Wa Kei Sei Jaku (harmony, respect, purity and tranquillity)
are the four principles of Chanoyu as left by tea master Sen Rikyu
(1522-1591). They are the principles that practitioners of tea
endeavor to integrate into their daily lives. These principles
are a reflection of the pure spirit and soul of Sen Rikyu. While
not a true zengo (Zen phrase) these four simple words can
be realized after much practice.
Wa (harmony) is the ultimate ideal for human beings.
It is the positive interaction between the host and the guest
in a tea gathering or among people in any situation in life. Tea
is the sharing between the host and guest and is not a solitary
pursuit. Harmony extends to nature, as well, and to tangibles
such as tea utensils, everyday utensils and life itself. True
harmony brings peace.
Kei (respect) is the ability to understand and accept
others, even those who we may be in disagreement with. When we
are kind to others, and can humble ourselves, we can receive respect.
In tea the host thinks of the guest and the guest of the host.
It is this continued sharing and consideration that makes the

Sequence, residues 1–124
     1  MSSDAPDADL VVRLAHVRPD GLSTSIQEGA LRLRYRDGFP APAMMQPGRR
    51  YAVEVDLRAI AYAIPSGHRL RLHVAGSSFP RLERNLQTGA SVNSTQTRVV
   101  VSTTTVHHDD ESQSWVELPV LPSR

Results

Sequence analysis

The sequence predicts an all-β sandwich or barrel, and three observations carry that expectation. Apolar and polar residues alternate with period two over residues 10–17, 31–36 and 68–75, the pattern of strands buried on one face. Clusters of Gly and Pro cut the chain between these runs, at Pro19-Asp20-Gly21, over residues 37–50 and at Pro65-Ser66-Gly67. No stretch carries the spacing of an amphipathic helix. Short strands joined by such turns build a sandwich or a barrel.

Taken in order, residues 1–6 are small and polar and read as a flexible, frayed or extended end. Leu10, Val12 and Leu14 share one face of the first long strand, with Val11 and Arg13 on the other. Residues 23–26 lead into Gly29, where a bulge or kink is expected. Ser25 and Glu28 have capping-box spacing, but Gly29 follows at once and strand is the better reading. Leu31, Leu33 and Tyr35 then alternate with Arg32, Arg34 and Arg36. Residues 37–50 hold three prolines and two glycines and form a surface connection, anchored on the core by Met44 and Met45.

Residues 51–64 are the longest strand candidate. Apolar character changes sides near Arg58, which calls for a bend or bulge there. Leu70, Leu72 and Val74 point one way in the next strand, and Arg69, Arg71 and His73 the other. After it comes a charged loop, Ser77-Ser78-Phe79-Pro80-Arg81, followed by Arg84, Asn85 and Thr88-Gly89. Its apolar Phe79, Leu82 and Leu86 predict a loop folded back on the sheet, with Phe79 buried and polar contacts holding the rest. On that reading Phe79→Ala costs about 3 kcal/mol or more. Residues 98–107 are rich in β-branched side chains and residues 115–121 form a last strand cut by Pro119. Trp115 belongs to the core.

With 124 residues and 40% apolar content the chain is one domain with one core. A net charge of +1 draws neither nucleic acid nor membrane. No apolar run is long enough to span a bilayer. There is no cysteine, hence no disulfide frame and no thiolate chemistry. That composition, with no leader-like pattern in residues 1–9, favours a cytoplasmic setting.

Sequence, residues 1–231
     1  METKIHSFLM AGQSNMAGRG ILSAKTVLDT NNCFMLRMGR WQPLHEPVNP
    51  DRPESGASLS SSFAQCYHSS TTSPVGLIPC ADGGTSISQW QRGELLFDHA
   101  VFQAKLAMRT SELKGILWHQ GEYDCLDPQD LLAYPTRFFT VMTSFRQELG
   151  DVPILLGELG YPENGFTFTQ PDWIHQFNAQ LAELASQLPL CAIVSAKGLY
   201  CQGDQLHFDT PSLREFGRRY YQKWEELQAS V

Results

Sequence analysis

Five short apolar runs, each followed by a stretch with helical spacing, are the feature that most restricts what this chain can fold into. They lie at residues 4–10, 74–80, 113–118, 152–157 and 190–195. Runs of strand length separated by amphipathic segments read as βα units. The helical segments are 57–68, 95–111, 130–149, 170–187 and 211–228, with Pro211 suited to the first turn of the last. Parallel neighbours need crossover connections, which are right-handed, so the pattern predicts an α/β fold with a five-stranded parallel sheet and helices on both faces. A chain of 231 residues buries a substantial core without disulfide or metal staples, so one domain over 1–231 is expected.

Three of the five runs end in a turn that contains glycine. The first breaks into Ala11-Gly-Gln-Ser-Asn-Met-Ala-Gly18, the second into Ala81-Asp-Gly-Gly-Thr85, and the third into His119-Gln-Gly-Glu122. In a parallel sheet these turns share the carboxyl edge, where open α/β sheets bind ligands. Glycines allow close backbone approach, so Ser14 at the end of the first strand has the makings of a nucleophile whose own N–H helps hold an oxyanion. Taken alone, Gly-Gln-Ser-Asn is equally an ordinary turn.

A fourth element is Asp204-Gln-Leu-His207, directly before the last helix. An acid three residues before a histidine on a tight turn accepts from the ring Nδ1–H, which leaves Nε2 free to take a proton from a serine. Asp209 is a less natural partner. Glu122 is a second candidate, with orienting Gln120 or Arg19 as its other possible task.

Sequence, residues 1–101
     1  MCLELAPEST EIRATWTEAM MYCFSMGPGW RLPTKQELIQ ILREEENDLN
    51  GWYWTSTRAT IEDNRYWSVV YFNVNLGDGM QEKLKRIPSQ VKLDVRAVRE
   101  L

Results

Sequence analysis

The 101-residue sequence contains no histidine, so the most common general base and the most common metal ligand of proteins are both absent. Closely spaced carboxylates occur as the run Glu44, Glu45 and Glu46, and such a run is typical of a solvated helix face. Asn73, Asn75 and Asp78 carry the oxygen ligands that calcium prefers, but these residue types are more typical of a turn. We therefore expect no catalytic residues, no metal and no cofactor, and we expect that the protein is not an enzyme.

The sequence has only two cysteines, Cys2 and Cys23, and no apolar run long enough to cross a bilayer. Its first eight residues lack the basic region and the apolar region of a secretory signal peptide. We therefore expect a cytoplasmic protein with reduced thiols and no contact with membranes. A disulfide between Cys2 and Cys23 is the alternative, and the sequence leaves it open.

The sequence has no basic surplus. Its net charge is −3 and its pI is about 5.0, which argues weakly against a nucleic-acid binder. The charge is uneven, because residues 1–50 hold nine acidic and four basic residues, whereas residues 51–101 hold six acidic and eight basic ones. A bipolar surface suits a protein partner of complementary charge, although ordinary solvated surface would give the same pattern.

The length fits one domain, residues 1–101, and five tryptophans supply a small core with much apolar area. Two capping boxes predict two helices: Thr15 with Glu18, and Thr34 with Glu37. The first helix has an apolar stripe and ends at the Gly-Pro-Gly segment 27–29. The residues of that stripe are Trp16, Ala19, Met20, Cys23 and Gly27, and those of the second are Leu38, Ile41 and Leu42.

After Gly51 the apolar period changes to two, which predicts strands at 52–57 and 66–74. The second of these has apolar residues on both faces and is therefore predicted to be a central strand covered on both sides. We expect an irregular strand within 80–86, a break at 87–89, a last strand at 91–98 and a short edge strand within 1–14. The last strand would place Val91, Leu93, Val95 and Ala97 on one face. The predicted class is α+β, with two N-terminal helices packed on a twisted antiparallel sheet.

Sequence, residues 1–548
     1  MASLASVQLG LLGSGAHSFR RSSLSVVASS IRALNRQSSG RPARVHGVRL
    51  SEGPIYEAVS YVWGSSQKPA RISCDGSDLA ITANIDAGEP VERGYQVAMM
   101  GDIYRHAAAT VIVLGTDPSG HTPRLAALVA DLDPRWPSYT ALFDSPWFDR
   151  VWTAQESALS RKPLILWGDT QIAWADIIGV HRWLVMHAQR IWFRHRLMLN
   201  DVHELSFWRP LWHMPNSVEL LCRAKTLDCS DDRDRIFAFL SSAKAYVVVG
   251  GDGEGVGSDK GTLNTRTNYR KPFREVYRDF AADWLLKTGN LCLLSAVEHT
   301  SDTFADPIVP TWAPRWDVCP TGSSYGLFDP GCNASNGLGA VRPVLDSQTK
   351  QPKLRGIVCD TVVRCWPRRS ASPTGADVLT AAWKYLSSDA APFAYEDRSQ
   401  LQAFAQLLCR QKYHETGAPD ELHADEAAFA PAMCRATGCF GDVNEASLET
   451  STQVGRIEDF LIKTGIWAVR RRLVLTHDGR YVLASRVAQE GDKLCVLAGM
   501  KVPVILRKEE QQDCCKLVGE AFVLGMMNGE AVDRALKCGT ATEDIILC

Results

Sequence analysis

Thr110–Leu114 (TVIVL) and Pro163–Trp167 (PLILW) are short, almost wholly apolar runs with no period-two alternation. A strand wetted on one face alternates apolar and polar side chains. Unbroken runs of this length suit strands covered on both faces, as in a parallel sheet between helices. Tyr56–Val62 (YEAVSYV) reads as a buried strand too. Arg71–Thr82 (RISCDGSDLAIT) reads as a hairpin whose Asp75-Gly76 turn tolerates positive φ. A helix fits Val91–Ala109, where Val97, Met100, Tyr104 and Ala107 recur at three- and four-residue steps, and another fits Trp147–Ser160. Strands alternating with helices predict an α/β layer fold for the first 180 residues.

tea gathering both memorable and successful. Ideally, all are
of the same rank in the tea room. It is important to treat everything
and everybody with the same respect. Treat utensils of various
pedigree the same. The price of an object should not dictate how
it is treated. Extend a pure heart and true respect can be realized.
Sei (purity) is the ability to treat oneself and others
with a pure and open heart. This is really the essence of tea
training. This purity is not one of absolute cleanliness but one
of pure heart. With a pure heart, harmony and respect can be realized.
When the tea garden is cleaned ones heart and soul are also being
purified. When one wears clean clothes this purity also exists.
A pure heart is not showy but natural. Sen Rikyu's ideal of purity
was the natural look of the garden after it was cleaned and a
few leaves from a tree fell onto the freshly manicured moss.
Jaku (tranquillity) is the point in ones training and
practice where a level of selflessness is reached. While on the
one hand it is the ultimate goal, on the other it is the beginning
once again. A true master reaches this highest level and then
putting the ideals of harmony, respect and purity into practice,
begins again with a fresh and enlightened heart. At this point
the endless possibilities of life can be realized.
(calligraphy by Kankai Onozawa, retired Abbot
of Jukoin Temple at Daitokuji, Kyoto)